If you’ve ever lost a child you probably appreciate the fact that a piece of that child’s emotional scars haven’t faded, only faded into the waking hours, requiring not only the heart to heal, but a physical toll on the body. That’s exactly what the phrase “physical pain” suggests — pain that is a distinct form of grief.
When a child is born, a tear is the distinctive sensation caused by the placenta running backward and forward into the uterus. Through the first few years of life, the sound of that blood running backward is music to mom’s ears, and the pain is temporary and similar to that of childbirth.
But while the body can heal after childbirth, that isn’t always the case for grieving parents. For mothers, the lack of breastmilk and having to nurse for so long — sometimes more than a year — can be physically debilitating. The loss of a child comes with its own emotional wounds that can feel especially visceral when blood is running through their veins. As a result, hospitals are often peppered with mom-and-baby rooms, where space is made for everything but a purer form of grief — space for in-depth emotional therapy.
Leaving a space such as this gives a sense of order to a grieving mother’s emotional landscape, despite the obvious limitations of counseling that cannot match the enormity of loss. Rather than directly forcing a grieving mother to confront the heartache of childbirth, these open spaces at hospitals allow them to experience their grief without showing a mirror to the world.
It’s important to note that these type of spaces only represent a tiny slice of the grief available to mothers who have lost a child. The parents of deceased children have so many other painful experiences ahead of them. Trauma can occur anywhere and the wounds of loss can emerge in myriad ways — that’s why it is so crucial for parents to receive the right types of care and receive support in ways that can help them heal.
Leaving a void that can never be filled is painful for parents who have lost a child. But putting an end to grief and dealing with its aftermath requires us to overcome a common misconception: that grief heals, but support does not. It is only when a parent is supported that the losses of a child can actually be healed. In that way, a space like a baby’s room can be both cathartic and effective for grieving mothers.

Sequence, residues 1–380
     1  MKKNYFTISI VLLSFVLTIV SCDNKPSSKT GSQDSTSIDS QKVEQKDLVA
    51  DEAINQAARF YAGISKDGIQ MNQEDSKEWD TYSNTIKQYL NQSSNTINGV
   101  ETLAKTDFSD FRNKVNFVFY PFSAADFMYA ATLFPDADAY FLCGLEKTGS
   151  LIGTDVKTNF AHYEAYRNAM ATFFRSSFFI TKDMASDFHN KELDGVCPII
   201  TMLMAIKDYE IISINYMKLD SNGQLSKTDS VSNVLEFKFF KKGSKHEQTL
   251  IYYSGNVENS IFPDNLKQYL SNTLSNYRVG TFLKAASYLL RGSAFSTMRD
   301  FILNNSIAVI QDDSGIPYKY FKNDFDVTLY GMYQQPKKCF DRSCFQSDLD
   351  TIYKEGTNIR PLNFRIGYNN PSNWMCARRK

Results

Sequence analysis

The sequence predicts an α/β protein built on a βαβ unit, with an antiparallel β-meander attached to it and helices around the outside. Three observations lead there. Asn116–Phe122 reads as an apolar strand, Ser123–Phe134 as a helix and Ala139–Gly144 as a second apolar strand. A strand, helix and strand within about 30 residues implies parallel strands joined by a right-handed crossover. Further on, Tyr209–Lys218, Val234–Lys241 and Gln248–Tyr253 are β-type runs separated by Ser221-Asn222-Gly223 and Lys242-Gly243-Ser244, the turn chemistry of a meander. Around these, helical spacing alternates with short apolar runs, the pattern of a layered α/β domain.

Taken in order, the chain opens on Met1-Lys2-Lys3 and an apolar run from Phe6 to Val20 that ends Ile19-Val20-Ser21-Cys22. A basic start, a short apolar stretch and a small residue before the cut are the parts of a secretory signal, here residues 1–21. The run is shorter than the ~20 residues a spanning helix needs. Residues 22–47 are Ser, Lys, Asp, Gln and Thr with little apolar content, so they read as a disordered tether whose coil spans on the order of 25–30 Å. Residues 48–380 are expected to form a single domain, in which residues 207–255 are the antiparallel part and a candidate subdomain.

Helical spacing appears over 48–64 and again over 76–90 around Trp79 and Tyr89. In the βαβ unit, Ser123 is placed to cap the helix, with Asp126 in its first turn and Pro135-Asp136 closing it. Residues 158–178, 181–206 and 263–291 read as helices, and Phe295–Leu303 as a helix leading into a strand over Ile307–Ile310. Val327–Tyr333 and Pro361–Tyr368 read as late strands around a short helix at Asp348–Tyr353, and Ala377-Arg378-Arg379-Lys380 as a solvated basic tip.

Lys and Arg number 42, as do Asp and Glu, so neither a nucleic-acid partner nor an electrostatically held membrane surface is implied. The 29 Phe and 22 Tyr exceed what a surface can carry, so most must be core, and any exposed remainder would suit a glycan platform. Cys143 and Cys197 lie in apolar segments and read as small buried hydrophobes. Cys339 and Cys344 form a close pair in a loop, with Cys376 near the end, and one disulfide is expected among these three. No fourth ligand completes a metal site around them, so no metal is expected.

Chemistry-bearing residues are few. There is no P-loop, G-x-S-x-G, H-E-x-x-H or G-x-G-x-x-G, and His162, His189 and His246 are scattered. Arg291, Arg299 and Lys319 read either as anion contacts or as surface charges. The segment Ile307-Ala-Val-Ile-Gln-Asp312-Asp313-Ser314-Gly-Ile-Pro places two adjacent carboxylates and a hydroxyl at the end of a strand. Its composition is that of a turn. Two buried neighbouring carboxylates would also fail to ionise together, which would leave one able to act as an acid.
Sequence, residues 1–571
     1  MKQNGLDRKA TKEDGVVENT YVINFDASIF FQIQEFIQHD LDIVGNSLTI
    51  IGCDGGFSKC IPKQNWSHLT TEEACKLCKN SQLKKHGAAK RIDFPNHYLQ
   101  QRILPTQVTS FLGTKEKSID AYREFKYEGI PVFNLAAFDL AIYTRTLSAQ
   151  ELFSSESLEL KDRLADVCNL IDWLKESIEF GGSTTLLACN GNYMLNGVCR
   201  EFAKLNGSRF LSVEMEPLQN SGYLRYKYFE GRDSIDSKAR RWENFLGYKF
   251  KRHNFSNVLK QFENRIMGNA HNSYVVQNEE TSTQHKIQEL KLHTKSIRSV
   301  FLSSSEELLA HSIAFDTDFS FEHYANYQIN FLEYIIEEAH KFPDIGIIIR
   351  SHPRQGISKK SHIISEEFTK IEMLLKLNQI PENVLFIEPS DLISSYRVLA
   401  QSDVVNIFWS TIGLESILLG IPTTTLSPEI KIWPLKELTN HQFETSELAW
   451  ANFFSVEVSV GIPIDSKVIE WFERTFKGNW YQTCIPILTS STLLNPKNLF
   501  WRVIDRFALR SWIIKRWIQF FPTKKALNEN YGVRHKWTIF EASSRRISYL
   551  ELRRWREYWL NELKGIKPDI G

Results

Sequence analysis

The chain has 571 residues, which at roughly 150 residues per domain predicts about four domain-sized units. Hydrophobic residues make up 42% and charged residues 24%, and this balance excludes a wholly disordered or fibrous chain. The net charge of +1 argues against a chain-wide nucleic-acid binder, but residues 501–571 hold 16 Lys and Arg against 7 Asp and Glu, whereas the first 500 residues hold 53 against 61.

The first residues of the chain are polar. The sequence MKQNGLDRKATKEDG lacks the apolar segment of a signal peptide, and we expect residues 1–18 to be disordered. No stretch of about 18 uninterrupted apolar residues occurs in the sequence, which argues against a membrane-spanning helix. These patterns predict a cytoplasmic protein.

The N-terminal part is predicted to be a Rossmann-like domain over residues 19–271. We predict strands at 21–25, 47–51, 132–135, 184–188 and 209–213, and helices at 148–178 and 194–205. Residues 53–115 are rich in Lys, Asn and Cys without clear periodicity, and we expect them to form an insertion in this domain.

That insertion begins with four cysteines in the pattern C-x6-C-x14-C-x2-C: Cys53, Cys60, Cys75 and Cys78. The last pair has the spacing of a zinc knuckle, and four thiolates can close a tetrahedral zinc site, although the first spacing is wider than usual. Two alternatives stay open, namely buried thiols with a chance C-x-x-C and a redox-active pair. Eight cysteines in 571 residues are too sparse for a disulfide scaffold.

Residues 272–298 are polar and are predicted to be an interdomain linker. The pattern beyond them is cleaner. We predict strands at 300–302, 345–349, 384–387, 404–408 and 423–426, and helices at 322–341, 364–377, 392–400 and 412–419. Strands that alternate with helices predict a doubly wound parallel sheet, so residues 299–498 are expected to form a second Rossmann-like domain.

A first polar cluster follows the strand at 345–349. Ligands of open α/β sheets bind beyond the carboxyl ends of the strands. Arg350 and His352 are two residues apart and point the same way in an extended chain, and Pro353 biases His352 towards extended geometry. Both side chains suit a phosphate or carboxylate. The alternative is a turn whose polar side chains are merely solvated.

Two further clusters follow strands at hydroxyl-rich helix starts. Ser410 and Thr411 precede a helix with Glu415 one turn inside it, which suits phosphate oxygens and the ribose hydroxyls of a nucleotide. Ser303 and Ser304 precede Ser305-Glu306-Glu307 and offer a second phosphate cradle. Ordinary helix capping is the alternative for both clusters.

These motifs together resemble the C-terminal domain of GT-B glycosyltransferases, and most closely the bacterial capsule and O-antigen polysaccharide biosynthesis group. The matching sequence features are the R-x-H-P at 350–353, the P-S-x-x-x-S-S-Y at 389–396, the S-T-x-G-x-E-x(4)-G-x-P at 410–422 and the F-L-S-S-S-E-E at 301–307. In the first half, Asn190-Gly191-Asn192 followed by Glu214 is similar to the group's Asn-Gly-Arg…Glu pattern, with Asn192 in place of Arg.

If you’ve lost a child, be assured that mother and father will give you an answer to one question: Is that me?
Dear Amy: I’m a good person. I’m determined to make the world a better place. I’m a good mother, but my husband lost his son a while ago. As a result, I recently became divorced. There is the residual grief from that death, and I believe it’s the principal reason why I am not sleeping well. I have trouble waking. I can’t eat. I usually go to bed at 10 p.m. Not sleeping means I’m unable to use coffee in the morning, which results in serious morning headaches. My GP doesn’t think this is functional and I have to have an MRI to confirm the diagnosis. I was told that there is no additional “cognitive, social, or physical damage,” and that it’s normal after grief. I’m spending more money on my healthcare than I need to, and I’m thinking that I should just get through this and be thankful for the changes. Should I just get through this and not let it become an issue? Am I selfish for trying to maintain sanity? Should I just give up on my dream of being able to work? Should I give up on my dream of continuing my education? I hate being so unhappy. I don’t even want to have a happy ending, but I can’t stop thinking about the past. Help!
Dear Depressed: You have the right to experience the ending of a family — and your feelings about your own life should not be handled by others. Every family and every child is different, and mine included a grieving father. You are in an incredibly vulnerable position. Although I think you are being very well cared for by your therapist, she must make sure that this illness is fully recognized and treated properly. You need a good therapist who will use physical symptom management (something we don’t usually do well with), a whole-body approach and Cognitive Behavioral Therapy, not just another usual family problem to be kicked around.
And, even when you finally feel